Christian Speculative Fiction discussion

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Romance in Christian Fiction

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message 1: by Lara (new)

Lara Lee | 507 comments Mod
I love a good love story and often include them, but I recently saw a lady express anger at Christian romance because she said it advocated for unhealthy impure relationships. I always thought Christian romance kind of tame, but the missionary dating, arranged/forced marriages, lustful teasing, and other themes among to main Christian characters she mentions are not healthy. I know paranormal romance is extremely popular right now, but I didn't expect it to seep over into Christian fiction. I have recently seen some indie writers include more explicit physical romance in their Christian or clean speculative fiction than what I have been comfortable with and find myself wondering where the line should be. It is more of an issue that I ever expected, probably because I write and read for younger audiences.

What do you all think? We do live in a world full of all sorts of unhealthy relationships, but romantic tension seems only human. How much tension becomes lustful and unhealthy? Just like our swearing topic, do we even need to describe what is going on in the world around our characters, such as homosexual relationships, or should we just side-step it? This is a broad topic, but it actually comes up more than I had expected even a year ago.


message 2: by Stoney (new)

Stoney deGeyter | 134 comments I've never read a romance novel so not sure I can contribute to that conversation specifically, but in the issue of relationships in the writing, I don't see any reason not to write what is real in today's world. Just be careful not to advocate for sinful behavior. I think it's fine if characters do things that are considered sinful, so long as it's recognized as such by one of the characters and that there isn't too much detail of what they are doing.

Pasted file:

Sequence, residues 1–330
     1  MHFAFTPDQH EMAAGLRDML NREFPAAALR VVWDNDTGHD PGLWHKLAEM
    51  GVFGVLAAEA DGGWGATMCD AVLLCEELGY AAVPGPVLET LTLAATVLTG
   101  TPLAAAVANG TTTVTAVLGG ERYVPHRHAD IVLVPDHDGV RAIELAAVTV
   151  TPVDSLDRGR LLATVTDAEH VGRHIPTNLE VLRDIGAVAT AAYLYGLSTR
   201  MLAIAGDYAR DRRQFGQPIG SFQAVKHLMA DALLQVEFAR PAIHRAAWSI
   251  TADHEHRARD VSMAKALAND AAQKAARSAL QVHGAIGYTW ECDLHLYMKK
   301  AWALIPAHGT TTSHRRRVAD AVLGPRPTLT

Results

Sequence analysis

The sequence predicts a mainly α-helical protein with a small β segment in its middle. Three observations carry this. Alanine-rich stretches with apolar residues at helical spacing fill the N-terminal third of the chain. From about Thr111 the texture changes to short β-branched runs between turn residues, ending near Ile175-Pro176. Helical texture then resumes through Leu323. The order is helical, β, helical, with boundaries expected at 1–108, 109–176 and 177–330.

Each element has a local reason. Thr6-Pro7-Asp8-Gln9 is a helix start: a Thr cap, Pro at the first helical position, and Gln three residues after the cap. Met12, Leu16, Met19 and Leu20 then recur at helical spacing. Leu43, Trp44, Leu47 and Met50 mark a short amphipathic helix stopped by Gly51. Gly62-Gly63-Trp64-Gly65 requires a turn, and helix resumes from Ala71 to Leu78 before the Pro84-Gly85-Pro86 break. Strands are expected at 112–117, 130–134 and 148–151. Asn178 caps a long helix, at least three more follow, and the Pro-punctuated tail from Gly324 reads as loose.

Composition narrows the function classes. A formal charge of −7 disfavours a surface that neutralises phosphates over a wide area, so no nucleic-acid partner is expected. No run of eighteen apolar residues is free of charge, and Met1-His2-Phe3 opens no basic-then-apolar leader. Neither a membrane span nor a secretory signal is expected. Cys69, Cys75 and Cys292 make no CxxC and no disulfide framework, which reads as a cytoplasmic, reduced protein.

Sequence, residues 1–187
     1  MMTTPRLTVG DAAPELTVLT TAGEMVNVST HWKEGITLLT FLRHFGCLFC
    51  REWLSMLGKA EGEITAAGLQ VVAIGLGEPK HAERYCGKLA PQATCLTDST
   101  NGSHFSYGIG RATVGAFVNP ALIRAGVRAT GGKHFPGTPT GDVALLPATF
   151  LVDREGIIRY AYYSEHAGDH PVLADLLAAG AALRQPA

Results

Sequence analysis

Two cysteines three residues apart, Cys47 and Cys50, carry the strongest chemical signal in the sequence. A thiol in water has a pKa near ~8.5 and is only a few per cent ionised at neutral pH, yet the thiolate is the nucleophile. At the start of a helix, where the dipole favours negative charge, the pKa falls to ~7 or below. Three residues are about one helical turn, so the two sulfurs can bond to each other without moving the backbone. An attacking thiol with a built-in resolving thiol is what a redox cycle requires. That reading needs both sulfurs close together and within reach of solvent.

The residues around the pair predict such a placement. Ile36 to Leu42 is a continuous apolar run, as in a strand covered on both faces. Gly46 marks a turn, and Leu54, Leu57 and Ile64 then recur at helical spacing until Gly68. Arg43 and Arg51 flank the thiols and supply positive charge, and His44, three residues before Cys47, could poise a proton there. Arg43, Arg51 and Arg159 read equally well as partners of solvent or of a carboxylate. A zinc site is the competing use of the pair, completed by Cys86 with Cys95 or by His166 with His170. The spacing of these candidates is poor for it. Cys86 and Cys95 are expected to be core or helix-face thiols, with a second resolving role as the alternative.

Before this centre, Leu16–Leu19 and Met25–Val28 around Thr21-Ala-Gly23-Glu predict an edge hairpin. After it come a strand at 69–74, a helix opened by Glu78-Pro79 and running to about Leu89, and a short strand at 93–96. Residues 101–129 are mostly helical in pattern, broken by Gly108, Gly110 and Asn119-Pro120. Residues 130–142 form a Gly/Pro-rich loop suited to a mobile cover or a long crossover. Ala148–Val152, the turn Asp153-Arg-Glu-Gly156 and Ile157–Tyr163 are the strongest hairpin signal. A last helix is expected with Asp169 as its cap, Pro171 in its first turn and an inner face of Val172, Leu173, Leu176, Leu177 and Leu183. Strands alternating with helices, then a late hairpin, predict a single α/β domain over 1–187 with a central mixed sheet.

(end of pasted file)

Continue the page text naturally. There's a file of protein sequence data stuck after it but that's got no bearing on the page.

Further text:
As for homosexuals in Christian fiction, this is a tough one. It seems whenever I see a homosexual character in a show I like my thought is "Of course, they just had to work that in." But at the same time, this is now the reality of the world we live in. I've considered writing in a homosexual character into my next book only because it would be logical to have a such a character in this particular setting. And I figure I might be able to use that to show Christlike love from the other characters.


message 3: by Lara (new)

Lara Lee | 507 comments Mod
Stoney wrote: "I've never read a romance novel so not sure I can contribute to that conversation specifically, but in the issue of relationships in the writing, I don't see any reason not to write what is real in..."

I agree with your points. I do think it is important to have some character to point out or show what a healthy relationship is in contrast, without being preachy. I think quite a few people in our culture, even Christians, have been confused by the media and can't recognize what is healthy. In the writing I am currently working on, I am finding myself engaged in what is a healthy relationship and what is an abusive relationship. I think scripture helps us see this, but I think fiction helps us apply it.


message 4: by Stan (new)

Stan | 288 comments Mod
Lara wrote: "I love a good love story and often include them, but I recently saw a lady express anger at Christian romance because she said it advocated for unhealthy impure relationships."

It has been a long time since I read anything in this category. Unless, of course, you consider the Bible. Oops! Did I go there?

Back to my original thought for a response. Years ago my wife and I read the O'Malley series of books by Dee Henderson. Amazing concept that I really wish had been picked up by Christian TV or movies. Anyway, my one complaint is that pretty much all the women pursued millionaires. I found it to be highly unrealistic and setting a pretty bad conceptual framework for Christian women. I actually began to wonder whether the author could write a female character that wasn't a gold-digger. Anyway, there are many ways to write unhealthy relationships, and money is one of those ways.